Yesterday, Mayor Tory's Executive Committee discussed a report on the City's Long-Term Financial Plan. Our city has grown substantially and the needs and interests of residents and businesses have grown concurrently over the past decade. The City of Toronto has responded by developing plans and strategies to ensure Toronto remains a livable, accessible and inclusive city for everyone, but City Council has not ensured the funding to implement these necessary services. A new model for budgeting and financial planning is long overdue.
Determining the priorities of a city and the methods and means to pay for the services and programmes, is not an easy task and requires City Council to dig deep and make smart decisions. This is not something we can put off for any longer as our infrastructure crumbles and Toronto becomes increasingly unaffordable for so many.
The options put forward by the City Manager will force City Council to cut services or reduce service levels, which are already insufficient in meeting resident needs, or develop new revenues to pay for a growing city. It will not be an easy decision for City Council, but it is one that cannot be delayed.
Which is exactly what Mayor Tory and his Executive Committee have chosen to do. Instead of governing, they have deferred these important decisions until the next term of Council. Please contact Mayor Tory to encourage him to bring the report to City Council next week. Let him know you believe City Council should debate this plan immediately and not delay this decision until after October's election.
Municipal Licensing & Standards (MLS) is hosting a consultation on proposed new interim rules for payday loan establishments.
The Province of Ontario governs payday lenders and alternative financial services such as cheque-cashing, instalment loans and rent-to-own services. Ontario Bill 59 (Putting Consumers First Act) now provides municipalities with tools to regulate payday lenders through business licensing. As of January 1, 2018, the City has authority to restrict the number and locations of payday loan establishments.
Proposed rules for consultation
New rules being considered are:
- creation of new business licence category for payday loan establishments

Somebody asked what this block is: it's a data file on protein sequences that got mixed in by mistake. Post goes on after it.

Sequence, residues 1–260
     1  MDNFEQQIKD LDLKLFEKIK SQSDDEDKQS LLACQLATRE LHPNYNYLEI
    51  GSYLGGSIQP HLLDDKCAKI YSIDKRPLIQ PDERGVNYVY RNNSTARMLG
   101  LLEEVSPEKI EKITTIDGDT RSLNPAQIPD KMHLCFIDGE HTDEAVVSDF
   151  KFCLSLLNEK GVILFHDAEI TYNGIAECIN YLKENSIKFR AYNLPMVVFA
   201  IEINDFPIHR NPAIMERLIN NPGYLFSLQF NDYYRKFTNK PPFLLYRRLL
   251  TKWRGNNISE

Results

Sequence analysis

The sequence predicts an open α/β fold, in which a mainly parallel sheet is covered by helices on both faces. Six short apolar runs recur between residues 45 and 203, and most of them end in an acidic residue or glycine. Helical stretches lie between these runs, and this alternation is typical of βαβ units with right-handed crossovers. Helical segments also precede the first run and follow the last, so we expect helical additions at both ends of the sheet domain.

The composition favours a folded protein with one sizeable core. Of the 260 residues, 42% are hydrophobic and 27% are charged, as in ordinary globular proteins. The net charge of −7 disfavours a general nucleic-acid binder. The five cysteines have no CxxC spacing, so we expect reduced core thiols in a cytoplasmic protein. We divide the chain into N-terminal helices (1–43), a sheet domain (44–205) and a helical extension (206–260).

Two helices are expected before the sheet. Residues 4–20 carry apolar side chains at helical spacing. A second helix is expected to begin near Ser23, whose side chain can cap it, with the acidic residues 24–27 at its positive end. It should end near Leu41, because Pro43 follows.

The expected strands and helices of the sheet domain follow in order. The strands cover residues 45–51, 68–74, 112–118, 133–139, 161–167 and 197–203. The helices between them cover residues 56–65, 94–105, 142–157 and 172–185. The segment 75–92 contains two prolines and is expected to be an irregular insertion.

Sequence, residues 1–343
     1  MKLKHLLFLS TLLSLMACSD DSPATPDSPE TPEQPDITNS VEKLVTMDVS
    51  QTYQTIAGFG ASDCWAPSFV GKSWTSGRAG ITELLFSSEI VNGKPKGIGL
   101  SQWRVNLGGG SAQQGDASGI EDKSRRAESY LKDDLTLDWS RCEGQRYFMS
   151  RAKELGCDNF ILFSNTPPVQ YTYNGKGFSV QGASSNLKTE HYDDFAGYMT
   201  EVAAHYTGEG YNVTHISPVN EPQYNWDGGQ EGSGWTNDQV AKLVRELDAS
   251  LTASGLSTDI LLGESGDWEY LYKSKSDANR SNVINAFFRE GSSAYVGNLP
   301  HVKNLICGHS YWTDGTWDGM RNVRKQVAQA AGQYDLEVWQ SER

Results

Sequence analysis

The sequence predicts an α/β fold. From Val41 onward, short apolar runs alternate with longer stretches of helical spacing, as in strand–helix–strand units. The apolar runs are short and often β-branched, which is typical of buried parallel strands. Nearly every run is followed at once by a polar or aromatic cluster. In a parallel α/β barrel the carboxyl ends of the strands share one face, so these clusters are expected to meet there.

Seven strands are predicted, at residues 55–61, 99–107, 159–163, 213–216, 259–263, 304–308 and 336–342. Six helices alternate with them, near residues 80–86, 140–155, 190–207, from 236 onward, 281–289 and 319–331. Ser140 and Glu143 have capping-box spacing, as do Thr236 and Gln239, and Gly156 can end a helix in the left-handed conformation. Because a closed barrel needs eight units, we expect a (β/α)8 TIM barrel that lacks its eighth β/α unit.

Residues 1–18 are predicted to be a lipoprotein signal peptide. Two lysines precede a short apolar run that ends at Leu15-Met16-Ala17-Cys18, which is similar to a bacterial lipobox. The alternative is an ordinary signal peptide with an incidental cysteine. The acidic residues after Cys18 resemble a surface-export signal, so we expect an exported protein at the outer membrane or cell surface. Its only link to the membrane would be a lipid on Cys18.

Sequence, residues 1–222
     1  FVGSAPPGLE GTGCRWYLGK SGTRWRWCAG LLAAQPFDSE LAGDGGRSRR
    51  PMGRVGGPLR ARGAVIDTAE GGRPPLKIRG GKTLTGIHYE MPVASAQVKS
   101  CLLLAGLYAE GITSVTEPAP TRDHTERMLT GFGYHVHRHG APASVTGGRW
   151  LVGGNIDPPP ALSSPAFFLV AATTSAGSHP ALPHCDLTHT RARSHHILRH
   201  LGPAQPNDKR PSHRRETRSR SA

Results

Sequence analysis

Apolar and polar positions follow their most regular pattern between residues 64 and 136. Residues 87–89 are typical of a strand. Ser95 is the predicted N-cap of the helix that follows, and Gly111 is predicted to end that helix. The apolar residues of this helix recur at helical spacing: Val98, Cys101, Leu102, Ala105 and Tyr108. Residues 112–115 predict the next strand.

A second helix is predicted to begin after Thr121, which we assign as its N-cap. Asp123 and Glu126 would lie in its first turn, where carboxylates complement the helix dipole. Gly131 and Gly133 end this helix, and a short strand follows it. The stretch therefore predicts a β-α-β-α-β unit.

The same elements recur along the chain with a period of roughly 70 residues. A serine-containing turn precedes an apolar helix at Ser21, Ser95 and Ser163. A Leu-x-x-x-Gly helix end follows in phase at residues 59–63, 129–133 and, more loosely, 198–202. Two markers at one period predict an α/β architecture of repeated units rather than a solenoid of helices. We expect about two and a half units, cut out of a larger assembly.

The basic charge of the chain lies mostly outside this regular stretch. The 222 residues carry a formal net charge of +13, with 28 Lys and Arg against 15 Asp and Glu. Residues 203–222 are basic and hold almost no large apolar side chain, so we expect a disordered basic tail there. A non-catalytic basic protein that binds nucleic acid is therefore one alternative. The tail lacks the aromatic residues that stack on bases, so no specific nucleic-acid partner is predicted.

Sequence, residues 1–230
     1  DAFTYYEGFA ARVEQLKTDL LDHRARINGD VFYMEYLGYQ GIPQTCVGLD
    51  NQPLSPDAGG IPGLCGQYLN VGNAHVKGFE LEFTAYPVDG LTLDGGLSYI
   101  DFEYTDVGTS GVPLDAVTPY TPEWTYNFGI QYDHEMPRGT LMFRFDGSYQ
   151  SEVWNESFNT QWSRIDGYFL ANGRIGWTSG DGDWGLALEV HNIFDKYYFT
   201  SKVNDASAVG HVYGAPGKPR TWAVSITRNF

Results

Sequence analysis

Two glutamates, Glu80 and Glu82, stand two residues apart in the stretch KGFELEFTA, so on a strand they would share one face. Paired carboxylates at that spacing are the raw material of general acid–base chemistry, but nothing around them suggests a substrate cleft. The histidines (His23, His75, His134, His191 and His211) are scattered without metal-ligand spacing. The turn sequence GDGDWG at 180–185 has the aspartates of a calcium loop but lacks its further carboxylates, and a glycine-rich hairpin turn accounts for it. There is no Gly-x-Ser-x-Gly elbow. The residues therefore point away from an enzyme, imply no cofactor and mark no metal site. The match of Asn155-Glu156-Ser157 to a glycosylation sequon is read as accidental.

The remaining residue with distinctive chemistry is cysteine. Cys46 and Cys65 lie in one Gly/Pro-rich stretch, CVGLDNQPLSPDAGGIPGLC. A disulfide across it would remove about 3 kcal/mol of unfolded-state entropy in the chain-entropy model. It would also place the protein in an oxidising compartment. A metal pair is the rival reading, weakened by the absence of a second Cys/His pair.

- placing a cap on the number of establishments in Toronto, and
- requirement that establishments be licensed by the Province prior to applying for a City-issued licence
This proposed interim approach will provide the City with a mechanism to mitigate the proliferation of these establishments while staff conduct a comprehensive review of the industry and develop final recommendations for regulation of payday loan establishments. The review will include continued research and broad public and stakeholder consultations to better understand the best approach for the City.
When: Wednesday, March 21st from 6:00 p.m. to 8:00 p.m.
Where: North York Civic Centre, Committee Room 3
We invite the public and stakeholders to join us for a presentation on the topic and an opportunity to provide input. The input received at this consultation will inform a report on payday loan establishments to Licensing and Standards Committee on April 10, 2018. Materials from this meeting will be posted here.
Input and feedback can also be sent to: firstname.lastname@example.org
More information: Vanessa Fletcher, 8-3478, Vanessa.Fletcher@toronto.ca
Monday, March 12 to Friday, March 16 is March Break for elementary and high school students in Toronto. The City of Toronto is offering many free and affordable activities for students and their families all week that are fun for the whole family.
City of Toronto community centres offer free or low-cost programs for all ages. More information is available at http://www.toronto.ca/rec or call 311.
Many outdoor artificial ice rinks are open until the end of the day on March 18, weather permitting. Locations, hours and program details are available at http://www.toronto.ca/skate.
Indoor leisure skating programs, including caregiver and tot, family skate and shinny, are free for all ages. Hockey helmets approved by the Canadian Standards Association (CSA) are mandatory for children under six years of age and all shinny hockey participants, and are recommended for skaters of all ages. Schedules and locations are available at http://www.toronto.ca/skate.